Year -- 1 credit
Grade 12
Prerequisite: Algebra II

AP Physics 1 is an algebra-based, introductory college-level physics course. Students cultivate their understanding of Physics through inquiry-based investigations as they explore topics such as Newtonian mechanics (including rotational motion); work, energy, and power; mechanical waves and sound; and introductory, simple circuits.  Although the Physics 1 course includes basic use of trigonometric functions, this understanding can be gained either in the concurrent math course or in the AP Physics 1 course itself.

Year — 1 credit
Grade 11-12
Prerequisite: Biology

Human Anatomy and Physiology is a hands on laboratory course that investigates the forms, processes and systems of the human body. Students will study the basic organization of the body, the biochemical composition and interactions, the parts of the major body systems as well as how they work together.  Case studies of infectious and genetic diseases and current discoveries in medicine will enhance our study.  This College Prep class is designed for students who have an interest in pursuing a career in the health fields,and for students who want to learn more about their own bodies and how to maintain a healthy lifestyle.

Semester — ½  credit
Grade 11-12
Prerequisite: Biology

This course is designed for students with special interest in Marine Biology.  Topics students will study include ecological concepts of the sandy beach, rocky shore and benthic communities, seaweeds, planktonic forms, plankton and their relationship to marine life cycles, nekton, benthos, marine bacteriology, marine biological resources, and marine pollution. Special attention will be given to Maine’s coastal environment and working waterfront.  This course has a significant laboratory component, and will be taught as a mix of lecture, lab and field experience.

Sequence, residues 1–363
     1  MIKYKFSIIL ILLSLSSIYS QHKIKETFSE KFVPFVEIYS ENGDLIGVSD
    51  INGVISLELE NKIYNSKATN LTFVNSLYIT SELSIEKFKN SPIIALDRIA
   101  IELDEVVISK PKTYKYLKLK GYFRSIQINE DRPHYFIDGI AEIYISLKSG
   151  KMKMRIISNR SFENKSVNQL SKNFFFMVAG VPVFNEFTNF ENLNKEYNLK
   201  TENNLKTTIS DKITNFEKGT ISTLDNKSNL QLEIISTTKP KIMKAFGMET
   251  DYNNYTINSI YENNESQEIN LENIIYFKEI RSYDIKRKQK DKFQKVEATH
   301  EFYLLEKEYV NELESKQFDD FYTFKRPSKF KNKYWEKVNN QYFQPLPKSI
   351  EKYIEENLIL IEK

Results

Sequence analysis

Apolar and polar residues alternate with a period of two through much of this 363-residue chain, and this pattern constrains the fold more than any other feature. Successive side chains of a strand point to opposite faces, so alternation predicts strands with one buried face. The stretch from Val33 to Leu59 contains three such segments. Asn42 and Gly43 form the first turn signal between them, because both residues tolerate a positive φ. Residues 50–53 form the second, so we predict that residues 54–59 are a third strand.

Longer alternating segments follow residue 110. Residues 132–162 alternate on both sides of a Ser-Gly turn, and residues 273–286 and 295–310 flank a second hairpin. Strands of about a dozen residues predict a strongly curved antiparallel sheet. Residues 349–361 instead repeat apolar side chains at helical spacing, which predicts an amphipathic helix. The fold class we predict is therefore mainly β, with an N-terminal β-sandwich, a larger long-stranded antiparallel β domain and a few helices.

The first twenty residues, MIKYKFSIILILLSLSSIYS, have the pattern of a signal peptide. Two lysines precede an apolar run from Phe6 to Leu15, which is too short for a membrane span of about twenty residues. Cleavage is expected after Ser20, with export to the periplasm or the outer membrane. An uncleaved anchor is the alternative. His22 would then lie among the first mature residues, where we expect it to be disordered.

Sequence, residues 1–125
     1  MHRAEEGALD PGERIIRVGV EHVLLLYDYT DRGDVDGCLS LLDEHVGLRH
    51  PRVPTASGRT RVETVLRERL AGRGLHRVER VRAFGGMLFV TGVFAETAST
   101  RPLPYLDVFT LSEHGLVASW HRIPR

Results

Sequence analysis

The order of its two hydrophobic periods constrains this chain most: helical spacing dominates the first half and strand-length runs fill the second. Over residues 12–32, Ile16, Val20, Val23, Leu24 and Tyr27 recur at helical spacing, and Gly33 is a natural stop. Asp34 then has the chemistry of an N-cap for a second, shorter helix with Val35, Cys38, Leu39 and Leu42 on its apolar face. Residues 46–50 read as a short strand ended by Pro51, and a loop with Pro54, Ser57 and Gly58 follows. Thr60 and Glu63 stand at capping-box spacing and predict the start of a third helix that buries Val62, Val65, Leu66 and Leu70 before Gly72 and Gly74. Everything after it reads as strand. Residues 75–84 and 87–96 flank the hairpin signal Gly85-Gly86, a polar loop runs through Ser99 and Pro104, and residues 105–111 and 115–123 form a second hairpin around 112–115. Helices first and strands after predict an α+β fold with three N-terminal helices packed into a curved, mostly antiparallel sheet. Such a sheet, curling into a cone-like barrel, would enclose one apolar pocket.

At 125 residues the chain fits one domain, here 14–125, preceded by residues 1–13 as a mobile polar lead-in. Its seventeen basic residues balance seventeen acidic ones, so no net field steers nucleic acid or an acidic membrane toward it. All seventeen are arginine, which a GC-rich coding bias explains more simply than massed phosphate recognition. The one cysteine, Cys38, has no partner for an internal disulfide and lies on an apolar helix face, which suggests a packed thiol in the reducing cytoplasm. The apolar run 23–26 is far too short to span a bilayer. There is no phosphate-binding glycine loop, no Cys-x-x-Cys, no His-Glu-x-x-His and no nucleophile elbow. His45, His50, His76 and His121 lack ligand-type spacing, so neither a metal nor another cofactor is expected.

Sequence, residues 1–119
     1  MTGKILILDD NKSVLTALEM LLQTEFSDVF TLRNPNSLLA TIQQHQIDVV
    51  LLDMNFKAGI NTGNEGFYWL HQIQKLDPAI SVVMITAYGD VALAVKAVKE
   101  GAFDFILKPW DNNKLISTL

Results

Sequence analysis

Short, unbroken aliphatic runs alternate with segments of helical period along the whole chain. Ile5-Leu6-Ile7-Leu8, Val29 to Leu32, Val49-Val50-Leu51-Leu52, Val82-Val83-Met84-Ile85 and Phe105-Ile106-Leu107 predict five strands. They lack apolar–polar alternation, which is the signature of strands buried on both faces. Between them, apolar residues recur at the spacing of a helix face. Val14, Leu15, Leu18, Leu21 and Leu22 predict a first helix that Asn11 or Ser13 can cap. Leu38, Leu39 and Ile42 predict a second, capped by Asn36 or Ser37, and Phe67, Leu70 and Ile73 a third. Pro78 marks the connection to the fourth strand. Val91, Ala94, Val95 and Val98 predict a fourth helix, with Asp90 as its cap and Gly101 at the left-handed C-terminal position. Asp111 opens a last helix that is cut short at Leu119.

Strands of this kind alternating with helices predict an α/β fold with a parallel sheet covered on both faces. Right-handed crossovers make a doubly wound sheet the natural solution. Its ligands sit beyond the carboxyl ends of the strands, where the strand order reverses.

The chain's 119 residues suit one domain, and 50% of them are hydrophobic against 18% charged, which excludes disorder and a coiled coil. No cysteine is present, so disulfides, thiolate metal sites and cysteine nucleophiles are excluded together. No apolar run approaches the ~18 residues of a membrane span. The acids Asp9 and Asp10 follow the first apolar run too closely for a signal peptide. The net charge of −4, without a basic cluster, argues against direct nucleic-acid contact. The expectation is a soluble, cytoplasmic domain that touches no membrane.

Year — 1 credit
Grade 11-12

The goal of AP Environmental Science is to provide students with the scientific principles, concepts and methodologies required to understand the interrelationships of the natural world, to identify and analyze environmental problems both natural and human-made, to evaluate the relative risks associated with these problems, and to examine alternative solutions for resolving and/or preventing them. The Science Department strongly recommends that all seniors who wish to take AP Environmental Science also take Physics and Statistics. The class meets five periods per week, and sometimes after school and on weekends. Students in this course are required to take the AP exam.

Year — 1 credit
Grade 11-12
Recommended:  Statistics

Advanced Placement Biology aims to provide students with the conceptual framework, factual knowledge, and analytical skills necessary to deal critically with the rapidly changing science of biology. AP Biology includes topics regularly covered in a college biology course. The AP Biology labs are equivalent of those performed by college students. The Science Department strongly recommends that all seniors who wish to take AP Biology also take Physics. Students in this course are required to take the AP exam.

Year — 1 credit
Grade 11-12
Prerequisite: Department Approval for Juniors